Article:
7.2
                                     
 
Timaru 6.1 6.1 5.8 5.6 5.8 6.2 6.0 5.7 6.0 5.9 6.1 6.4 6.5 6.4 6.2 6.6 6.8 6.7
6.3
                                     
 
Queenstown/Frankton/Arrowtown 4.0 4.1 4.3 4.2 4.2 4.3 4.4 4.6 4.3 4.1 4.5 4.3 4.6 5.2 5.0 4.8 4.9 4.7
5.3
                                     
 
Dunedin:                                      
Kenmure/Mornington 5.1 5.5 5.7 6.2 5.9 5.4 5.8 6.3 7.5 6.5 6.3 6.7 7.9 7.1 6.6 n.a. n.a. n.a. n.a.
Mosgiel 5.2 5.3 5.5 5.8 5.6 5.4 5.4 5.4 5.5 5.7 5.7 5.7 6.4 6.4 6.1 n.a. n.a. n.a. n.a.
South Dunedin/St Kilda 6.9 6.4 6.8 7.3 7.6 7.6 8.6 8.0 7.9 7.5 8.1 7.4 7.2 8.0 8.2 n.a. n.a. n.a. n.a.
                                       
Invercargill 7.2 7.7 8.3 8.2 7.9 7.9 8.9 8.3 8.3 7.9 8.3 8.4 8.7 9.1 9.0 6.7 9.0 9.2
9.5

Source: Base data from REINZ / MBIE

*Yield is a property's annual rent expressed as a percentage of its purchase price. The indicative yield figures in this table are gross, and are calculated from the REINZ's lower quartile selling price for three bedroom houses in each area during the previous 6 months, and the median rent for three bedroom houses calculated from new tenancy bonds received by the Ministry of Business Innovation and Employment for the same areas/period. This gives an indication of the gross rental yield that would have been achieved in each area if a three bedroom house was purchased at the lower quarter price and rented at the median rent for that area.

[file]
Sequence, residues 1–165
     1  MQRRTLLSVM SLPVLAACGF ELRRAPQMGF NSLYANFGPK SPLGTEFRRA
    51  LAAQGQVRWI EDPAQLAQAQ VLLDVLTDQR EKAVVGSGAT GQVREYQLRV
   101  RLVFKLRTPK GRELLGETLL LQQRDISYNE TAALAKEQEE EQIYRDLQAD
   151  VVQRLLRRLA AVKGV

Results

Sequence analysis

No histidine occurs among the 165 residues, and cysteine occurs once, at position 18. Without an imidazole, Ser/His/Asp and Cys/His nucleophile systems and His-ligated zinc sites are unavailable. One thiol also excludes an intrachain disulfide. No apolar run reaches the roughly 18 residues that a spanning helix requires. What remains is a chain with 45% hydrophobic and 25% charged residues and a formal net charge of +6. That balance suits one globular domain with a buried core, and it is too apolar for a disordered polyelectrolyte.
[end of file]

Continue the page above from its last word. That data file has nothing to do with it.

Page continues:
The comment stream on this story is now closed.

*This article was first published in our email for paying subscribers early on Thursday morning. See here for more details and how to subscribe.

We welcome your help to improve our coverage of this issue. Any examples or experiences to relate? Any links to other news, data or research to shed more light on this? Any insight or views on what might happen next or what should happen next? Any errors to correct?

We welcome your comments below. If you are not already registered, please register to comment.

Remember we welcome robust, respectful and insightful debate. We don't welcome abusive or defamatory comments and will de-register those repeatedly making such comments. Our current comment policy is here.

19 Comments

Investment yields from rental houses are not particularly high - but a bit higher than I thought they would be. (I would surmise that many (most?) landlords can generate a reasonable positive cashflow at present, especially if they stage/manage their outgoings.)

Despite being expressed in gross terms, rental yields compare pretty favourably with current interest rates for term deposits. (Mind you, there's not much out there that doesn't compare favourably with term deposit returns at the present time.)

TTP

"(I would surmise that many (most?) landlords can generate a reasonable positive cashflow at present, especially if they stage/manage their outgoings.)" - Translation from TTPish to English - "Landlords can get cashflow positive if they slumlord".

It's a rare property that's cashflow positive these days. Give it a year or two, and we'll see more cashflow positive opportunities.

Ocelot, that's an ignorant, envious comment. No professional landlord would just buy a house for a 5% yield and hope "the value goes up", that's speculation, not investment. I would never buy a house where I cannot create a 20% improvement in value within 6 months, this doesn't not mean "slumlording" as you claim but it means creating something of sufficient value so that a tenant is happy to pay more rent.